THIS blog normally looks backwards, but feel the need to break from that pattern.
Not that nothing has happened over the last few days, but what is coming up has been looming large since well before the start of this South American adventure.
Right back to when, against all my assertions to the contrary, the decision was made to tackle the trek along the Inca Trail to Machu Picchu.
No, was not going to do it. Was definitely taking the train. No amount of asking or prodding would change my mind.
Right up until, with only the last few daily permits for the Classic route remaining, some asking and prodding changed my mind.
So tomorrow morning, far too early, we head off on what promises to be one of the most challenging, memorable, exhausting, exhilarating and possibly painful experiences of the whole trip.
The first three days will take us up and down a route hewn into the Andes – the up is occupying most of our minds, although the down sections come with a fearsome reputation as gringo killers – before the final morning to reach Machu Picchu early on the fourth day.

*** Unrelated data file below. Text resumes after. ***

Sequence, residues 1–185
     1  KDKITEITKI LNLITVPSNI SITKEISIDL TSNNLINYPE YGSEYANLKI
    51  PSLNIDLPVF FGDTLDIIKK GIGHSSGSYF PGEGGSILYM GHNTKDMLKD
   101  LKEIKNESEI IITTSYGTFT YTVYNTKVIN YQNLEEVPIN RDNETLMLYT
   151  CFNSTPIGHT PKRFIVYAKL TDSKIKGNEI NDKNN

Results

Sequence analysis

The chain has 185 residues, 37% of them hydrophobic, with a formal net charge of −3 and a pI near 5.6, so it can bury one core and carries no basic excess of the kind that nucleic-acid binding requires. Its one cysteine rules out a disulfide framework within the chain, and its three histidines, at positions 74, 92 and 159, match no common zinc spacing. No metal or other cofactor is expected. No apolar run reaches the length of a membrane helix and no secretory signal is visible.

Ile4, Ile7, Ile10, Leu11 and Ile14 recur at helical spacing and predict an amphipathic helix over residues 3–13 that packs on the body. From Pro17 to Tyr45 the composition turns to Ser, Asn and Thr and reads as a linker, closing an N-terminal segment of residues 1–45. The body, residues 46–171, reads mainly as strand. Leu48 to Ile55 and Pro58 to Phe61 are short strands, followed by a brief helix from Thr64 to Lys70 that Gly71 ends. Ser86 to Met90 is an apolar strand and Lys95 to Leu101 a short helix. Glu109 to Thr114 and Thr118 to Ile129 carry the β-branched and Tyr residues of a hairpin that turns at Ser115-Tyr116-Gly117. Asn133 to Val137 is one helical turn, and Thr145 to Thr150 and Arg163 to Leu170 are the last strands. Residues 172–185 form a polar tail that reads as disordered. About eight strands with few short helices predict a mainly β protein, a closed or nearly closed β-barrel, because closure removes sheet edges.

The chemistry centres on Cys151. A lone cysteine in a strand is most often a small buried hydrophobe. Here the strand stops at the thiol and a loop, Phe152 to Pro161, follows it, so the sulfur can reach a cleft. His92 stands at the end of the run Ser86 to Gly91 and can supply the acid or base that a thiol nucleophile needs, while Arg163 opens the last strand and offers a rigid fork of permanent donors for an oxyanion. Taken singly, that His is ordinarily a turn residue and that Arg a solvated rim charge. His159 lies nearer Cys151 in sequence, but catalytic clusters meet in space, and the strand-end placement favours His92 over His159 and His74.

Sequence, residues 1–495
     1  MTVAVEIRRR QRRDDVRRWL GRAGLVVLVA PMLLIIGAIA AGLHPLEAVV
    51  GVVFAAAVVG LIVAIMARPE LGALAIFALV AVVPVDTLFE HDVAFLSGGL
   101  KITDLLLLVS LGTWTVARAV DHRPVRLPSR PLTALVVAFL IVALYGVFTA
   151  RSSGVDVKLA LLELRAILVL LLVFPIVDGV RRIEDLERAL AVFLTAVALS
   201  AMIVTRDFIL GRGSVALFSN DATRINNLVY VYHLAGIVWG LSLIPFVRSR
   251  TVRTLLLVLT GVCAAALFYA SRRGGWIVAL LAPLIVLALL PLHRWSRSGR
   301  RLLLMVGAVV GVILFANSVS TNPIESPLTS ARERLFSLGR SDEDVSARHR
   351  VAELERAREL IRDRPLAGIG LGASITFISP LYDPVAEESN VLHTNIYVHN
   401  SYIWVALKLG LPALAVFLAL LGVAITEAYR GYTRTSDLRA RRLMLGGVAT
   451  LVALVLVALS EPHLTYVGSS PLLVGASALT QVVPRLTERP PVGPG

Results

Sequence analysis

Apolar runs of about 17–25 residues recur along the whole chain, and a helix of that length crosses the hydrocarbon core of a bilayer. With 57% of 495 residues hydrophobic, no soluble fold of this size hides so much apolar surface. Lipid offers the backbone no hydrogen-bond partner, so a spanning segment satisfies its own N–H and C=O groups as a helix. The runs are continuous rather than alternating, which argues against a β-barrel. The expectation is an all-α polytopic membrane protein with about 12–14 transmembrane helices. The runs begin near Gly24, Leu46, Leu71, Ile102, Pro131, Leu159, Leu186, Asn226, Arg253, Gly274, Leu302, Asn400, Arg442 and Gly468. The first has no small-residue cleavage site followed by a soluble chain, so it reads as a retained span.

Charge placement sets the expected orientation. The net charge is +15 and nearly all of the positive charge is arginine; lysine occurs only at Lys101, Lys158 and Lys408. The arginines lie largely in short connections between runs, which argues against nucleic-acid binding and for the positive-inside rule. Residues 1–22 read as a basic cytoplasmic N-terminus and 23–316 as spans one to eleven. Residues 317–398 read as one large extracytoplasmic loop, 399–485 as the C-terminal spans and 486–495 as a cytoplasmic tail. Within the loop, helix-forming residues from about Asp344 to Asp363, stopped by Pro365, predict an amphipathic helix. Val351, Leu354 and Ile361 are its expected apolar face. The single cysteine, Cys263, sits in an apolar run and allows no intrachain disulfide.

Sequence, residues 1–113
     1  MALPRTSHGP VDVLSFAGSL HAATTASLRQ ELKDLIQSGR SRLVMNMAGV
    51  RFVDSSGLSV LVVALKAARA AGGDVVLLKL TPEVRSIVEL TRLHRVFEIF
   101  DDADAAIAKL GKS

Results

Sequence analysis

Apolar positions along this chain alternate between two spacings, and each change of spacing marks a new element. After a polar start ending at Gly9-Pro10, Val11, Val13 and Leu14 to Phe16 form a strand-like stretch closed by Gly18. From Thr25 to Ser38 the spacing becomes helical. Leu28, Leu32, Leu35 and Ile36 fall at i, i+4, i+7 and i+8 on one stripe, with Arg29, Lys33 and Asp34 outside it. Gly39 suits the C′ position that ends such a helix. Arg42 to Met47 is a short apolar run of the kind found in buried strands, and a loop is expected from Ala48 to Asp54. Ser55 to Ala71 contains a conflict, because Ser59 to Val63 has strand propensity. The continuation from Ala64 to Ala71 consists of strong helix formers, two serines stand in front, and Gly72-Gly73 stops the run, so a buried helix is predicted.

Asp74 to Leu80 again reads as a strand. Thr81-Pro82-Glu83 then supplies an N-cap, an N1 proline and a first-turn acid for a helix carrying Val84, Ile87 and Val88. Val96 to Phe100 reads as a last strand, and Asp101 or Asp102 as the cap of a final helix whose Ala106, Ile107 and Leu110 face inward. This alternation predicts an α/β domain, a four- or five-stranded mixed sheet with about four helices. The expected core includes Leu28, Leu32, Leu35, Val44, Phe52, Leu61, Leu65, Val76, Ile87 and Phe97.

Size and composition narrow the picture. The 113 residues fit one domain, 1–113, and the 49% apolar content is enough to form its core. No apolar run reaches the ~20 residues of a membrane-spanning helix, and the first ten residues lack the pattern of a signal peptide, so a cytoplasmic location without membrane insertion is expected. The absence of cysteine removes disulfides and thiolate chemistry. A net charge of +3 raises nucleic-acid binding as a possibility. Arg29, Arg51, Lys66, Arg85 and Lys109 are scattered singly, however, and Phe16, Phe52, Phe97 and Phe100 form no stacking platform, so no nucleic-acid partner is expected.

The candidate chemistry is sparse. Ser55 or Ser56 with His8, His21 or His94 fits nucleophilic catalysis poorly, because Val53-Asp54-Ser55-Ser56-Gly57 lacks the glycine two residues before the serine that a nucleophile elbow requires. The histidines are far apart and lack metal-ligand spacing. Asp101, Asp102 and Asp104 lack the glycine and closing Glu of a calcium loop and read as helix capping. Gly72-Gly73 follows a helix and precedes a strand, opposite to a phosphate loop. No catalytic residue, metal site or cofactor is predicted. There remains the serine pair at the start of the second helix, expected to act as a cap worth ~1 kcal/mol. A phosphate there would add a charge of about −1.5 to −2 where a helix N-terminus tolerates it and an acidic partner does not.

Not all of us. Some are heading off on the alternative Lares route while some put discretion (and a fair amount of common sense) above valour and opted for the train. My current roommates Becky and Robby have done it before and are heading off on their own jungle adventure.
What lies ahead seems to have concentrated the minds and sent us scurrying around Cusco to stock up on supplies (via a rather lovely bagel cafe), warm gear for the cold nights (in my case, hiring a better sleeping bag) and knock-off North Face clothing.